## anonymous 3 years ago Laws of Exponents..im not understanding this

1. anonymous

Like $a ^{m + n} = a ^{m}a ^{n} ?$

2. anonymous

idk. hang on let me seee lol

3. anonymous

(3a^4)3

4. anonymous

thats one of them problems it gives me.

5. KingGeorge

For that problem, there's two laws that you need to be familiar with. Law 1:$\large (a\cdot b)^n=a^n\cdot b^n$ Law 2: $\large (a^n)^m=a^{n\cdot m}$Using these, can you find the solution to your problem.

6. anonymous

ok that makes a little bit more sense . so could you help me solve that problem that I posted?

7. KingGeorge

Sure. First, the correct formatting is $\large (3a^4)^3$correct?

8. anonymous

yes

9. anonymous

and thankyou!

10. KingGeorge

First, we use the first law I mentioned. So $\large (3a^4)^3=3^3\cdot(a^4)^3$Now, use law 2 to simplify $$(a^4)^3$$. Can you tell me what you get?

11. anonymous

ok give me a sec

12. anonymous

(a)^7 ?? i think thats totaly wrong

13. anonymous

unless is a^12

14. KingGeorge

It's the second one. Good job! That means, we've simplified to $\large 3^3\cdot a^{12} \small .$Now just find $$3^3$$, and you're done.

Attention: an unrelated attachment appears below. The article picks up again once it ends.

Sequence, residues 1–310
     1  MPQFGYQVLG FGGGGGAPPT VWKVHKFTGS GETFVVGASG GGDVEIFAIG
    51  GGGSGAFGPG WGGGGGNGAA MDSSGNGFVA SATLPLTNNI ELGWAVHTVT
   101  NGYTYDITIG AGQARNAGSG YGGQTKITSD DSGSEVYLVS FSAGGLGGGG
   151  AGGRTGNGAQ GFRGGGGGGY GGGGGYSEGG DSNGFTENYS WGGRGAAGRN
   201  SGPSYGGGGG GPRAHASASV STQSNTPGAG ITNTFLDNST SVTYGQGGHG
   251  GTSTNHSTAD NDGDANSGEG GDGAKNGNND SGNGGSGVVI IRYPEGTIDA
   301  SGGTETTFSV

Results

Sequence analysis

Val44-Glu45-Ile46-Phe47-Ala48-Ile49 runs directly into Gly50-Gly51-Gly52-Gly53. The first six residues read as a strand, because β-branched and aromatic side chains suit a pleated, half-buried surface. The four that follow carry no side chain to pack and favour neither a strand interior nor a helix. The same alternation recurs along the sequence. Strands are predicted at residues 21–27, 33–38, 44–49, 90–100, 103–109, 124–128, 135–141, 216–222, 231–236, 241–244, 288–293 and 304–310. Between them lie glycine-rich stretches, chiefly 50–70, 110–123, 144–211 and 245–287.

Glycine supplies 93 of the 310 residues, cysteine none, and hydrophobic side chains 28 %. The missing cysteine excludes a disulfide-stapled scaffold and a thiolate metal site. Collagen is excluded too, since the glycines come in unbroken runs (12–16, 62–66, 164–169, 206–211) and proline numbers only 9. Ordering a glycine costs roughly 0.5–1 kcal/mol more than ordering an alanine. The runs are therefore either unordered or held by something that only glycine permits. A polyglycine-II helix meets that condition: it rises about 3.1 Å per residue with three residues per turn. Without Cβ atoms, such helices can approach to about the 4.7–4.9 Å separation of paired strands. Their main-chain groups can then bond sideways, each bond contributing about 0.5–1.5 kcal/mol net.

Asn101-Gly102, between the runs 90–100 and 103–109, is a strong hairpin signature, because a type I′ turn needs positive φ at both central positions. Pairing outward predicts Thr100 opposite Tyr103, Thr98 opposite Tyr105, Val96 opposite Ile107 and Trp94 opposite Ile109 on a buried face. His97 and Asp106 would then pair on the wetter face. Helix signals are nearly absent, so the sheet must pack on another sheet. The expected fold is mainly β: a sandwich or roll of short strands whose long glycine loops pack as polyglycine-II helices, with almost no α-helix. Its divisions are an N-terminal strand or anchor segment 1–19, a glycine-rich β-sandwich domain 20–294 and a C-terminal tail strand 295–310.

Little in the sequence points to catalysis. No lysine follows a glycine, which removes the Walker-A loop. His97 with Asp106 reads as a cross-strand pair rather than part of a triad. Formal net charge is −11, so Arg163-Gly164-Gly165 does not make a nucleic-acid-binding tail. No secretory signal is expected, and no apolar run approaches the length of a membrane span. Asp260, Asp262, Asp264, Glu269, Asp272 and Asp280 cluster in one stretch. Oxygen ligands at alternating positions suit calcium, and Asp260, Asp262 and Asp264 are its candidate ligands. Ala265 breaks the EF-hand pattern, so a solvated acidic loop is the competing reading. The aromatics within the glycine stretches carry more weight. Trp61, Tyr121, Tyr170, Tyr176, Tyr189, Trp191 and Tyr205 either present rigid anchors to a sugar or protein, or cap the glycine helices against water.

15. anonymous

with the 3^3 do I multiply that..is it 9?

16. KingGeorge

$$3^3=(3\cdot3)\cdot3=9\cdot3=27$$

17. anonymous

oh i see what you did there, i seee my mistake

18. anonymous

so its (a^12)27?

19. precal

|dw:1356824001142:dw|also, parenthesis between the exponents remind me to multiply the powers, this is one of the ways I remember this law

20. KingGeorge

You could write it as $$27\cdot a^{12}$$ or $$a^{12}\cdot 27$$. And if you have some trouble remembering the law, precal's way to do it an excellent way to remember.

21. precal

|dw:1356824081954:dw|I always associated the laws with things I already know

22. anonymous

i wish I could give u guys both medals :p i appreicate both!!

23. KingGeorge

You're welcome.

24. precal

np yw